Yet another client for Etsy's statsd

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Node.js client for statsd.
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Quick tour

var SDC = require('statsd-client'),
	sdc = new SDC({host: ''});

var timer = new Date();
sdc.increment('some.counter'); // Increment by one.
sdc.gauge('some.gauge', 10); // Set gauge to 10
sdc.timing('some.timer', timer); // Calculates time diff
sdc.histogram('some.histogram', 10, {foo: 'bar'}) // Histogram with tags
sdc.distribution('some.distribution', 10, {foo: 'bar'}) // Distribution with tags

sdc.close(); // Optional - stop NOW



var SDC = require('statsd-client'),
	sdc = new SDC({host: '', port: 8124});

Global options: prefix: Prefix all stats with this value (default ""). tcp: User specifically wants to use tcp (default false). socketTimeout: Dual-use timer. Will flush metrics every interval. For UDP,
it auto-closes the socket after this long without activity (default 1000 ms;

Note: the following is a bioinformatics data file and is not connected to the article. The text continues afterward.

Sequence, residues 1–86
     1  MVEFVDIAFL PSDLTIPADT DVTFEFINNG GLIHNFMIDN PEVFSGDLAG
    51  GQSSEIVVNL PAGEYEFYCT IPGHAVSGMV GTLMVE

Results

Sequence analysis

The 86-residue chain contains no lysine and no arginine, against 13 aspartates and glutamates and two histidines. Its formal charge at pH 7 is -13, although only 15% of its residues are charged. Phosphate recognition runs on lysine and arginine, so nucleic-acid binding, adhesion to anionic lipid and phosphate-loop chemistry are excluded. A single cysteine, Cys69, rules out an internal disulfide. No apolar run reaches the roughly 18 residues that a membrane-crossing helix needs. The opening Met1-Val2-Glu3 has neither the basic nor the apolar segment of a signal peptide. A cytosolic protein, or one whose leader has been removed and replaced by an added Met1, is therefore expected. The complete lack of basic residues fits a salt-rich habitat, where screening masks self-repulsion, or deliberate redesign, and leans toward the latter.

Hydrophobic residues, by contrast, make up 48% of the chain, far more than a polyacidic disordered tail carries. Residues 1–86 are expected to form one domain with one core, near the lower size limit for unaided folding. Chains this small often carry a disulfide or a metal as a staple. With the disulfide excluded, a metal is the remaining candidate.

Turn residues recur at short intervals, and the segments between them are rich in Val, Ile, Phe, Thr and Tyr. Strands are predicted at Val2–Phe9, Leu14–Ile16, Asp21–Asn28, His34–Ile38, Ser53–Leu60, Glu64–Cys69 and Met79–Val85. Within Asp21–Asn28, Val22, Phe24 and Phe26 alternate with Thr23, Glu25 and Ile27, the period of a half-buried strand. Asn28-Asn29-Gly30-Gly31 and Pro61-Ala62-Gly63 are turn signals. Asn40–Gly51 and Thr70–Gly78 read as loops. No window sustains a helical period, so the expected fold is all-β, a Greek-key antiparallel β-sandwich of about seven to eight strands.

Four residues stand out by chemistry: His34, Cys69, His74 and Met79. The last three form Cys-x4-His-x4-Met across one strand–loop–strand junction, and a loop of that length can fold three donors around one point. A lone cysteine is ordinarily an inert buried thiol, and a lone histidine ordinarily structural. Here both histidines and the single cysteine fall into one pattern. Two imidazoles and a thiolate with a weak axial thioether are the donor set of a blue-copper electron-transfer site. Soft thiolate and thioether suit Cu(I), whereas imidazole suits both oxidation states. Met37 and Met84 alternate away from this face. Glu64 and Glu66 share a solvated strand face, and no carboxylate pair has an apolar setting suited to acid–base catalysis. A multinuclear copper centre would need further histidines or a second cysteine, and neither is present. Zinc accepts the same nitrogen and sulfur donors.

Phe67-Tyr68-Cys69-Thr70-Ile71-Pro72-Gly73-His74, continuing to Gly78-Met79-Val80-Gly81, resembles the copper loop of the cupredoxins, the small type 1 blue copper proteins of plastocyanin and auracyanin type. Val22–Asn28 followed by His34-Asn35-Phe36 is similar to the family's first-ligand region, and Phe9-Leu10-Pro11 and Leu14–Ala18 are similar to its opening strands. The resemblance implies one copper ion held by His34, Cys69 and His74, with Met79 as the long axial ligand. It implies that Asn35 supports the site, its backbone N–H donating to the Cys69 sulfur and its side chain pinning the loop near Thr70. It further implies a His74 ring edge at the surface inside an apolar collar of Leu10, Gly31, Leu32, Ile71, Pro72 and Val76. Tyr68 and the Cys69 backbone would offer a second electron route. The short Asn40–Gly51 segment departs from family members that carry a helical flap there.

0 disables this). For TCP, it auto-closes the socket after `socketTimeoutsToClose` number of timeouts have elapsed without activity.
tags: Object of string key/value pairs which will be appended on to all StatsD payloads (excluding raw payloads) (default {})
UDP options: host: Where to send the stats (default localhost). port: Port to contact the statsd-daemon on (default 8125). ipv6: Use IPv6 instead of IPv4 (default false).
TCP options:
host: Where to send the stats (default localhost). port: Port to contact the statsd-daemon on (default 8125). socketTimeoutsToClose: Number of timeouts in which the socket auto-closes if it has been inactive. (default 10; 1 to auto-close after a single timeout).
HTTP options: host: The URL to send metrics to (default: http://localhost). headers: Additional headers to send (default {}) method: What HTTP method to use (default PUT)
To debug, set the environment variable NODE_DEBUG=statsd-client when running your program.

Counting stuff

Counters are supported, both as raw .counter(metric, delta) and with the shortcuts .increment(metric, [delta=1]) and .decrement(metric, [delta=-1]):
sdc.increment('systemname.subsystem.value'); // Increment by one
sdc.decrement('systemname.subsystem.value', -10); // Decrement by 10
sdc.counter('systemname.subsystem.value', 100); // Increment by 100


Sends an arbitrary number to the back-end: